Would you like to write a diary about Life in Lockdown?
We would like your help…
One of Nuneaton Museum and Art Gallery’s main aims is to: “to tell the key stories of Nuneaton and Bedworth up to the present day”. Without a doubt, the Coronavirus Pandemic is one of those key stories - currently impacting upon every single person across the borough.
As we all live this unique period of history, we would love Nuneaton and Bedworth residents to keep a diary of their day-to-day experiences.
Diaries can, at first glance, sometimes seem mundane and unimportant, but they are invaluable historical documents. Diary entries are honest accounts and bring us closer to ordinary people and everyday life as it was really lived. Diaries aren’t just about a particular person, family or place – they can tell us about different time periods, cultures, and even key historical events.
Samuel Pepys’ Diary, for example, gives a powerful first-person account of the 1666 Great Fire of London.
Anne Frank’s Diary creates a detailed picture of the life of a Jewish girl, hiding from Nazi persecution, during the Second World War.
At Nuneaton Museum, we have a number of diaries in our collection. They were all written by local people.
John Astley, a local trader, kept a diary in the nineteenth century. He writes about all sorts of things happening in the town, ranging from the ribbon trade to the local doctor, community meetings, local flooding, buildings being demolished and crimes carried out. From his writings, we learn that punishments were severe in the nineteenth century. On 15th April 1816, he notes that “The man in prison for setting fire to Mr Wagstaffs stacks found guilty and sentenced to transportation.”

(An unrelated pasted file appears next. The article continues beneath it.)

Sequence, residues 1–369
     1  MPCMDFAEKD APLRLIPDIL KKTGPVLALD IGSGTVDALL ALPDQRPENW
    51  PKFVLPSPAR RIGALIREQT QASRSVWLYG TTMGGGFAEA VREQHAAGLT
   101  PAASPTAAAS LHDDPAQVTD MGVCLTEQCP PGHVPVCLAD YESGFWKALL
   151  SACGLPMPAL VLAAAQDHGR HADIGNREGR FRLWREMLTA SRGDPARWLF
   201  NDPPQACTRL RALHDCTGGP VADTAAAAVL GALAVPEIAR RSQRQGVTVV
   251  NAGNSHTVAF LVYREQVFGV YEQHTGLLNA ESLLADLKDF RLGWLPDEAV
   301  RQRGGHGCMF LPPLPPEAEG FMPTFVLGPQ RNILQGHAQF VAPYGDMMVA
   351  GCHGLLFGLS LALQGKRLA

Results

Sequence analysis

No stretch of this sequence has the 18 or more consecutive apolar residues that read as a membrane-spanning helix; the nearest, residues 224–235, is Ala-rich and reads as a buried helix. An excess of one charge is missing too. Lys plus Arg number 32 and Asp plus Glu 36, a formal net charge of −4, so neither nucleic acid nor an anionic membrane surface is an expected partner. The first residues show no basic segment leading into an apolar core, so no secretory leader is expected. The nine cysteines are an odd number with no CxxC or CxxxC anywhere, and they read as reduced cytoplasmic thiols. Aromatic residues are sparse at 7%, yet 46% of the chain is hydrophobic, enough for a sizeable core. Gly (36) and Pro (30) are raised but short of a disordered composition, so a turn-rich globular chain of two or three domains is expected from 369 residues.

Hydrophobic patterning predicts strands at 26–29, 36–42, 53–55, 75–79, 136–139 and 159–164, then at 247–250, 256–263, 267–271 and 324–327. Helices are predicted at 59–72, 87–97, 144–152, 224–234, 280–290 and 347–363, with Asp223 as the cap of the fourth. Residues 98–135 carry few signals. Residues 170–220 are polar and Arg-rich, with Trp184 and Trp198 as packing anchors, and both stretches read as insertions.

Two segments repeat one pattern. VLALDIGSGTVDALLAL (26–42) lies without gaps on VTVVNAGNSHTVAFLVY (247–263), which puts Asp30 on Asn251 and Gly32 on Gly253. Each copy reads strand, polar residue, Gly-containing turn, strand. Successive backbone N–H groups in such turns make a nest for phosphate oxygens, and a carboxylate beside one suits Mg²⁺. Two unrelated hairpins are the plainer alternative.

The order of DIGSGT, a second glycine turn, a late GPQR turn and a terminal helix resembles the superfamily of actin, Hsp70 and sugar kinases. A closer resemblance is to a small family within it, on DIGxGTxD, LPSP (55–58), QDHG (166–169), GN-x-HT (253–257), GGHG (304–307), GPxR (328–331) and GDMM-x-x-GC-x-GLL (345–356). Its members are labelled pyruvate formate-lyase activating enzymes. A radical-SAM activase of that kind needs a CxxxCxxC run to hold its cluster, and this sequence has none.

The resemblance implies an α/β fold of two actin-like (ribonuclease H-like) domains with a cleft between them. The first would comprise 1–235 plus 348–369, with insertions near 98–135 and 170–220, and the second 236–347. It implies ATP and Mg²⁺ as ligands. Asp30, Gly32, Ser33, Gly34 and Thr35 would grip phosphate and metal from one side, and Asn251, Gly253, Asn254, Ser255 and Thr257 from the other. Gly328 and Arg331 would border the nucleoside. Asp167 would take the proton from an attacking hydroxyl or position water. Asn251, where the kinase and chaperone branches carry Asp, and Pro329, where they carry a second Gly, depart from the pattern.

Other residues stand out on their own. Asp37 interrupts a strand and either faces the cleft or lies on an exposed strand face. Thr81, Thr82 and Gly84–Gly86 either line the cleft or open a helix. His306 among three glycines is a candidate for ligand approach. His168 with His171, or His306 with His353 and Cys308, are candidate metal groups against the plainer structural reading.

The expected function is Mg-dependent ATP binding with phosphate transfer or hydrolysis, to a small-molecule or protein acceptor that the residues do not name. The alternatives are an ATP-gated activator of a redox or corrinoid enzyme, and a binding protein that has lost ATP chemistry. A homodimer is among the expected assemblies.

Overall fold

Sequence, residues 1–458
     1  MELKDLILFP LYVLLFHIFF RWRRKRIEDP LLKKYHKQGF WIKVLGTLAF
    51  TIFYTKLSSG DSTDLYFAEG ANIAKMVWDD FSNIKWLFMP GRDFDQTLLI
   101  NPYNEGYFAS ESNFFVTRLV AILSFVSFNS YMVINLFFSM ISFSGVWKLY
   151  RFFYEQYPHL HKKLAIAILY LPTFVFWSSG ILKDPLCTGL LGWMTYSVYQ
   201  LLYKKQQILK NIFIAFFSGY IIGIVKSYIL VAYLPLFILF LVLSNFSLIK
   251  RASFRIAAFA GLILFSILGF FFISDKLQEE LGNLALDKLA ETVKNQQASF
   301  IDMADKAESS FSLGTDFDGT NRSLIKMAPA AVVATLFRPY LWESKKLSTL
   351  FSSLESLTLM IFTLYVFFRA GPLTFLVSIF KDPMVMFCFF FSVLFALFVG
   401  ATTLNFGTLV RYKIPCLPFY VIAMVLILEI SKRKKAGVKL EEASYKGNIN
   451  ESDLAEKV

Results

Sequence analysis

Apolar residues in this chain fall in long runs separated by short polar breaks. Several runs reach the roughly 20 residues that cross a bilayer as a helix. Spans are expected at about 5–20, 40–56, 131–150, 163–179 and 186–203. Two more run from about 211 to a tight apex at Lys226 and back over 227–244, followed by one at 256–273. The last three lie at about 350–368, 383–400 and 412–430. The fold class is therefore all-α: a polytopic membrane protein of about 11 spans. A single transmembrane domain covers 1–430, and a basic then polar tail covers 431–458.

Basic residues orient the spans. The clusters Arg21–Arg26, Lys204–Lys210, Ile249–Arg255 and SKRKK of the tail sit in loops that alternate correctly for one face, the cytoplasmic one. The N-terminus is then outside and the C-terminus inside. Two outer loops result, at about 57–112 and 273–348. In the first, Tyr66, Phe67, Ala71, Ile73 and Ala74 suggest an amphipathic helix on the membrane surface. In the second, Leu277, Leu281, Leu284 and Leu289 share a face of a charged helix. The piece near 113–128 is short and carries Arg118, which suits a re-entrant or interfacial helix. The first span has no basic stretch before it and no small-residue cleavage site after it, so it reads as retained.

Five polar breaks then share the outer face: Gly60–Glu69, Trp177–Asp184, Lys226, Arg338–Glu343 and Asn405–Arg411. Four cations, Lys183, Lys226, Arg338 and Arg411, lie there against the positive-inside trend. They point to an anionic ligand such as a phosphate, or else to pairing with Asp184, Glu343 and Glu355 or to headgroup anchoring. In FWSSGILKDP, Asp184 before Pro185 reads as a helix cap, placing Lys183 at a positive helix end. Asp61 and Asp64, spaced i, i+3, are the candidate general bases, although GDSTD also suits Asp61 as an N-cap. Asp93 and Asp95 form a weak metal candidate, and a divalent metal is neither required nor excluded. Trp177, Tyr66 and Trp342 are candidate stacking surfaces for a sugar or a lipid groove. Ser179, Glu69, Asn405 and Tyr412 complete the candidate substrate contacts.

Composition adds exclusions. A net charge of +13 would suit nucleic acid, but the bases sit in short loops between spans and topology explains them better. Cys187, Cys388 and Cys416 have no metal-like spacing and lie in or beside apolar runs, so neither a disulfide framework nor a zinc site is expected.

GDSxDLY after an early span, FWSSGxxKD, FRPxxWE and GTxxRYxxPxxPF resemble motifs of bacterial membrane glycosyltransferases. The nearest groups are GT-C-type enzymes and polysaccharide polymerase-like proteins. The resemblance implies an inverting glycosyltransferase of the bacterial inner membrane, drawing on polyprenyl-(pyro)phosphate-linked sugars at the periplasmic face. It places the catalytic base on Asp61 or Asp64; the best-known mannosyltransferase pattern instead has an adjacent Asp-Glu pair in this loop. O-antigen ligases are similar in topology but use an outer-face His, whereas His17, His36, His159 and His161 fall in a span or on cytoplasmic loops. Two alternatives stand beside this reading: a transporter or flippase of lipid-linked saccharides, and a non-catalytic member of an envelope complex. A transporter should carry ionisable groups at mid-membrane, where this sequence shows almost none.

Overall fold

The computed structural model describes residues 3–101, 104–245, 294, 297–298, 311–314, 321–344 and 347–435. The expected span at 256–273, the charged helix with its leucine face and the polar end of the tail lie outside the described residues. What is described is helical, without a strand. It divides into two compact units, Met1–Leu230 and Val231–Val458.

Joyce Webb’s collection of diaries include an entry on the night of one of Nuneaton’s biggest air raids on 17th May 1940. “Stella woke me about 2.0. “Get up get up”. Incendiaries dropping all around. Several reports and bomb explosions. The phones failed. We had to depend on messengers (…) Walked up to Maria’s. The bottom of Manor Court Avenue is flat, Marie’s windows are out. Walked up home. Betsy’s windows are out and tiles are off”.
These diaries, as well as others in our collection, give us an excellent personal account of what life was like at the time and how ordinary people responded to different events. Diaries written during the Coronavirus Pandemic will similarly be an important historical resource for the future.
If you are writing, or are planning to write, a diary about Life in Lockdown, please let us know. Please email us at firstname.lastname@example.org, including your name, age and a contact telephone number.
There is something very special about a handwritten diary but you could also write your diary on a computer. Your diary could include information about what you are doing, how you are feeling, changes to routine, different ways of communicating, new activities or new skills learned.
We would love to see what you have written (when we are all allowed out of our houses again!). We hope to add some of the diaries to our Museum’s collection as a record for future generations.